A/B Quicksilver lower unit going racing

Mercury Outboard  general discussion

A/B Quicksilver lower unit going racing

Postby AU52N » Fri Feb 15, 2019 9:34 pm

Aeroliner Race Boats, LLC is proud to help the student race team at Stevens Institute of Technology in their efforts for this years electric boat races.  We have provided a Mercury Quicksilver A/B Mid Section along with a newly rebuilt A/B short skeg gear case.  The power head will be an electric motor.  We also provided several propellers.  here is a link to their web site.  https://stevenssolarsplash.weebly.com/

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Re: A/B Quicksilver lower unit going racing

Postby Michael » Fri Feb 15, 2019 9:36 pm

nice to see you guys helping those kids    icon_clap.gif
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Re: A/B Quicksilver lower unit going racing

Postby outboard315 » Fri Feb 15, 2019 11:27 pm

Coupling 40's technology with a brand new motor. But to be fair that lower unit is pretty small and hydrodynamic for a old design.

They could also use the water pick up to cool the motor and speed controller like they do in rc electric boats.
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Re: A/B Quicksilver lower unit going racing

Postby AU52N » Sat Feb 16, 2019 12:44 am

There is a water pump in the gear case that will be used for the cooling.
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Re: A/B Quicksilver lower unit going racing

Postby Locomotion » Sat Feb 16, 2019 3:42 pm

Will it use 1:1 gears ?
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Re: A/B Quicksilver lower unit going racing

Postby AU52N » Mon Feb 18, 2019 9:55 pm

After consulting with the students it was determined that 16:21 gears would work better.  The motor will have the same HP as a Mark 20H and will have instant torque.

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Re: A/B Quicksilver lower unit going racing

Postby rumleyfips » Tue Feb 19, 2019 12:25 pm

Are they going to use 4 - 25 lb batteries to get 3000 rpm from the motor ?
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Re: A/B Quicksilver lower unit going racing

Postby Tom Brockmeyer » Tue Feb 19, 2019 3:12 pm

rumleyfips wrote:Are they going to use 4 - 25 lb batteries to get 3000 rpm from the motor ?


Their posted Powerpoint slides show (3) batteries weighing at 35 lbs each and the motor has 5,400 max rpm...
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Re: A/B Quicksilver lower unit going racing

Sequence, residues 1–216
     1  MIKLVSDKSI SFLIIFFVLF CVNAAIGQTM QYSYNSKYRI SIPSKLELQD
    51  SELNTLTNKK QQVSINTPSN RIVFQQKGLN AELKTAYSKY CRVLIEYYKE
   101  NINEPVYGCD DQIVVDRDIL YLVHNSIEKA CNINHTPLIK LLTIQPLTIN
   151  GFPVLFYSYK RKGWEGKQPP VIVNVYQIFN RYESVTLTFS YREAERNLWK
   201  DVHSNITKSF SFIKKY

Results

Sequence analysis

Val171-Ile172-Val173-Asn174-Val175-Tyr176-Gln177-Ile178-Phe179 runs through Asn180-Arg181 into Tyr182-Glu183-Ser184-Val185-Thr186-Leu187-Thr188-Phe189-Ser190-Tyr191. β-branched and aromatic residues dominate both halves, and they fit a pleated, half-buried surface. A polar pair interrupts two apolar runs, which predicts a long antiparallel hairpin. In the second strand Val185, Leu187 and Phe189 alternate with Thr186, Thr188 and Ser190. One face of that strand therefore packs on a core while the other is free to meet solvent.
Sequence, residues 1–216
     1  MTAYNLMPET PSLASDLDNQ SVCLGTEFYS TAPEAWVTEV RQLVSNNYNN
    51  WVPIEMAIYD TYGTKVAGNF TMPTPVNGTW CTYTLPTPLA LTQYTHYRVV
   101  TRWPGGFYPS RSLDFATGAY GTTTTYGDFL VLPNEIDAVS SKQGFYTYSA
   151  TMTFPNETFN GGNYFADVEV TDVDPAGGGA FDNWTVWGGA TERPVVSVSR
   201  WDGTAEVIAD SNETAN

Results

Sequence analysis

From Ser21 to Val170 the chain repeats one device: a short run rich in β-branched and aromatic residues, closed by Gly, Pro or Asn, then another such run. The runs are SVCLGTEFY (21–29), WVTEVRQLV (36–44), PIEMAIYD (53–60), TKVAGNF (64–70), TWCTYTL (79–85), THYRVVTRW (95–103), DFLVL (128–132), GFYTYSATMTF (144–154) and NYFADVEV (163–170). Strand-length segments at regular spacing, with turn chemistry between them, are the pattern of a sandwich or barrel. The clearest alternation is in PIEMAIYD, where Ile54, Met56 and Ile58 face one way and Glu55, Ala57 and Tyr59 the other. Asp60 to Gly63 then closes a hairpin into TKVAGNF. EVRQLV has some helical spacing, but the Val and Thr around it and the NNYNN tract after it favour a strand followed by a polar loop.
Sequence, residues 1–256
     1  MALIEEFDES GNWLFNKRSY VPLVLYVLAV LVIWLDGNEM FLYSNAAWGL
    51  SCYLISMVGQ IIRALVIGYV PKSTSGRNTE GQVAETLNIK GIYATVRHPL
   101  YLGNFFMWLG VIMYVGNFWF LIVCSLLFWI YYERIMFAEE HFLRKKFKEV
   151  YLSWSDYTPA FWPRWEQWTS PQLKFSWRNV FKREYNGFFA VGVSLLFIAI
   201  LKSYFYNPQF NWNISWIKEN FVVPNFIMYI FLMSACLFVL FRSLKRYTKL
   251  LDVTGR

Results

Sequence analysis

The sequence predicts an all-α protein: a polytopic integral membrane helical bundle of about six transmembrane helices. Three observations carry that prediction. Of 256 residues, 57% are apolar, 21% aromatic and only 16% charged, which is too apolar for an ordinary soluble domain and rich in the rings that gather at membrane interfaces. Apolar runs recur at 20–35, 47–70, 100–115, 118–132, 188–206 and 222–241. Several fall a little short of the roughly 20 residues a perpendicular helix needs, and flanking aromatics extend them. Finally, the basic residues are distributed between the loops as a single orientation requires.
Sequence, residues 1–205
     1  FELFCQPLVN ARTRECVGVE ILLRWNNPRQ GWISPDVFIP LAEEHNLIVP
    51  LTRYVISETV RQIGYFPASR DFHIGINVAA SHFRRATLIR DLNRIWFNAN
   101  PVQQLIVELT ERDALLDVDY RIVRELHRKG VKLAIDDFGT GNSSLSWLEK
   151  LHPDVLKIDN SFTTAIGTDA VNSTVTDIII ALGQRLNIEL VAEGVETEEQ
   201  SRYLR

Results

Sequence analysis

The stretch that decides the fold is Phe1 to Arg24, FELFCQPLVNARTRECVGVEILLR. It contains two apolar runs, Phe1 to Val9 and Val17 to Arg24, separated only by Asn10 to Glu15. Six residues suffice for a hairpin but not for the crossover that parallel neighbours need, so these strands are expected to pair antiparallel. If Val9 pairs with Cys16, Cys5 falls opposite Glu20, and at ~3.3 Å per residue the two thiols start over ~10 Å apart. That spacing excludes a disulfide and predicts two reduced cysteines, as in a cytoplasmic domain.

Postby rumleyfips » Tue Feb 19, 2019 3:30 pm

Silly me ! I don't like powerpoint much. 5400 from 36 volts is impressive. An etek only gets 71 rpm per volt . I will go back and read their whole site.
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Re: A/B Quicksilver lower unit going racing

Postby Yellowjacket » Wed Feb 20, 2019 1:52 am

Electric motors are "torque" machines.  That is, for a given amount of windings and a given current you get a commensurate torque.  What this means is that for a given hp (torque x rpm/5252) the highest speed motor that will give you the torque will be the lightest solution.  That is, if you want a the lightest electric motor, you want higher rotating speeds.  For instance, an electric motor at 400 amps produces the same torque at 2500 rpm as at 5000 rpm.  But the 5000 rpm motor will be delivering twice the power and have the same weight as the 2500 rpm motor..  Now the voltage required to drive that current through the motor at higher speed is higher so there is no free lunch, but faster turning electric motors are lighter for a given hp. The voltage required to drive the current is a function of the "back EMF" and the resistance of the motor windings.  Back EMF is just a function of how many windings are in series or parallel.  More windings in series gives a higher back EMF, more in parallel give a lower back EMF.  The amount of current you can drive is based on the voltage supplied and the back EMF which is a direct function of winding number and rpm...  That is, a back EMF of 20 volts with a 32 volt supply means that you really have only 12 volts with of potential "driving voltage" and the current limit is the driving voltage divided by the motor resistance.   The real limit is what the rotor can handle in terms of speed.  For a given current losses are pretty much the same (losses are current squared x resistance plus the magnetic losses) so I guess I'm surprised that they would pick a motor that spins at that low a speed.  Aircraft starter generators generally turn 12000 rpm and are pretty efficient machines.
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